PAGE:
(Bloomberg): Boeing Co.’s incoming boss David Calhoun faces a daunting task when he takes over as CEO next year: rescuing the 737 Max while mending the company’s fractured relationship with US regulators. But that’s just the beginning of the hurdles awaiting him.
Calhoun, who takes the reins January 13, will be leading a once-proud company whose reputation for engineering prowess is now in tatters. On top of the grounding of its best-selling plane after two deadly crashes, Boeing has suffered production stumbles with its KC-46 tanker, delays to its 777X jetliner and an embarrassing mishap that caused its new space capsule to miss a rendezvous with the International Space Station over the weekend.
Then there are growing signs that jetliner sales are losing their lift after an unprecedented 15-year boom. And the aircraft demand that’s left?
Airbus SE’s sales successes at the top and bottom of the narrow-body market are likely to squeeze Max orders even after the global flying ban is lifted.
“At the outset, Dave Calhoun has one job: manage the Max crisis in all its operational, financial, regulatory, and reputational dimensions,” Seth Seifman, an analyst at JPMorgan Chase & Co., said in a note. “In addition to saving the Max, Calhoun will likely play a key role in product development and this starts with getting the 777X across the finish line but will extend to what new aircraft Boeing should develop.”
Directors voted unanimously to install Calhoun, who had served as chairman since October. He replaces Dennis Muilenburg, who resigned from the post after months of growing pressure from investors and a chorus of calls for his ouster from the US Congress and leading business publications. (Earlier this month, Muilenburg drew a rare public rebuke from the Federal Aviation Administration, which is overseeing the Max’s return.)
“A change in leadership was necessary to restore confidence in the company moving forward as it works to repair relationships with regulators, customers, and all other stakeholders,” Boeing’s board said.
Regain lost glories
Calhoun will face the daunting task of extricating Boeing from one of the bleakest chapters in its 103-year history. The company told its suppliers to suspend parts shipments for a month starting in mid-January, a move that will ripple through a vast supply chain. Boeing said last week it would pause production of the Max indefinitely as about 400 new planes pile up in storage.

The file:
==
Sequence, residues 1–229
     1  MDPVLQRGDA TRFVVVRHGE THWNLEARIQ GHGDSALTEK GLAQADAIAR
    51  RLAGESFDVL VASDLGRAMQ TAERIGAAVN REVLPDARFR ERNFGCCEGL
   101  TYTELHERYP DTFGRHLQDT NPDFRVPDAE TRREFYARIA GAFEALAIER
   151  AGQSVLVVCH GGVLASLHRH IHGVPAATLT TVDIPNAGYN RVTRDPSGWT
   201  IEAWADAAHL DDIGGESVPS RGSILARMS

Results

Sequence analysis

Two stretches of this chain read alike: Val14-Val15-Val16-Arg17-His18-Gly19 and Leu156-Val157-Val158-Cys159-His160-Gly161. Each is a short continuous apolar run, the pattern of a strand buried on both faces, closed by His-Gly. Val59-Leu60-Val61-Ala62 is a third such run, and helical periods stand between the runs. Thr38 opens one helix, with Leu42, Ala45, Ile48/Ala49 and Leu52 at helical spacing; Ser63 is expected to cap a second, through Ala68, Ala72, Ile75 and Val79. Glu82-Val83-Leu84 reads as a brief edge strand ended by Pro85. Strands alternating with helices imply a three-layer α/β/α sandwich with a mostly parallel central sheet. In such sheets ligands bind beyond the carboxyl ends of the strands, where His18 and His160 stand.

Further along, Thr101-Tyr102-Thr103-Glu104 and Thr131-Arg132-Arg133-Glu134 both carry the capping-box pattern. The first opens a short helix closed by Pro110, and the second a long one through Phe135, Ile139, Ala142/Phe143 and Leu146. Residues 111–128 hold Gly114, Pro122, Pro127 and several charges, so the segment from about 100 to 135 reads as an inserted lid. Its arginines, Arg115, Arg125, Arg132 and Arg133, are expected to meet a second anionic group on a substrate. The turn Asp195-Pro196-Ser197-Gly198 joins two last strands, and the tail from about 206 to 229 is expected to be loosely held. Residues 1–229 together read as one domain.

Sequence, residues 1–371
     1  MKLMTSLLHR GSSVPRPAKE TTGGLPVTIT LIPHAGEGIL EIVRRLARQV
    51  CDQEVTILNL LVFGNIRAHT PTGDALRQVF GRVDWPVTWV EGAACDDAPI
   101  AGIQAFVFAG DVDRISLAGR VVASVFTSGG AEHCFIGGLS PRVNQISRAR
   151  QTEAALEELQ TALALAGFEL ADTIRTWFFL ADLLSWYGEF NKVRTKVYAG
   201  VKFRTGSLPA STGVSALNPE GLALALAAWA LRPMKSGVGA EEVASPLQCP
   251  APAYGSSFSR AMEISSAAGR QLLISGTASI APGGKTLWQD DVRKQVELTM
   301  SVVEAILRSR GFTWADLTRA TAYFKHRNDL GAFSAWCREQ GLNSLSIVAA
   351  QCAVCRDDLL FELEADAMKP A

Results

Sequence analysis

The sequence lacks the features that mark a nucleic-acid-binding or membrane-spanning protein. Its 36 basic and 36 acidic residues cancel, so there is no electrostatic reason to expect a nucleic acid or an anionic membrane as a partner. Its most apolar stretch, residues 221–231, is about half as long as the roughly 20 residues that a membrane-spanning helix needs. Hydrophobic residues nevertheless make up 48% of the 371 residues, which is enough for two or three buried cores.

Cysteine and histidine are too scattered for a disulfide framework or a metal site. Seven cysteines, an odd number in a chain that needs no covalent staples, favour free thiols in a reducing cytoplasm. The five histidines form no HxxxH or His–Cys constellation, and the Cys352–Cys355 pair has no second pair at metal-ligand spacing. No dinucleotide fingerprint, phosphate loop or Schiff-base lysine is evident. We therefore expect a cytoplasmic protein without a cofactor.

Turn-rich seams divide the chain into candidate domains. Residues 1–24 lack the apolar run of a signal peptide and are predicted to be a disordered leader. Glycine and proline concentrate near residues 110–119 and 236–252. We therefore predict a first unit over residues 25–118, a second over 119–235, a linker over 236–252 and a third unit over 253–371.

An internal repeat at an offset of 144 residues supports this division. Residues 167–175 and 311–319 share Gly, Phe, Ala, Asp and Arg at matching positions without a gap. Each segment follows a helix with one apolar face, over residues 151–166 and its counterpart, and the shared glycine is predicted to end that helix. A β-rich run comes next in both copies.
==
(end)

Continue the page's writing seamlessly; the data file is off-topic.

The new CEO will serve as a “stabilizer” as Boeing works itself out of the Max crisis, said Richard Aboulafia, aerospace analyst with Teal Group. “There’s no doubt with Congress and regulators this is a lot better, and in the short run that matters a lot,” Aboulafia said.
No easy options
But as Airbus gains ground with its A321neo plane and other popular models, Boeing also faces daunting product-development decisions - starting with when to replace the Max and whether to go forward with a midsized jet to counter the A321neo. Those calls will be difficult for a newcomer to Boeing’s executive ranks with no engineering background, Aboulafia said.
“As a long-term leader, GE plus private equity would appear to be not the right background given their needs right now,” he said of Calhoun.
Given his age, just a few years shy of Boeing’s typical retirement age for executives, one of the Calhoun’s most important tasks will be finding a successor.
“He is likely to have a relatively short tour of duty at Boeing,” Robert Stallard, an analyst at Vertical Research Partners, said. Calhoun’s priorities will “getting the 737 Max back into service without further aggravation, and starting the process of finding a new CEO and senior management team that can potentially get Boeing back on track.”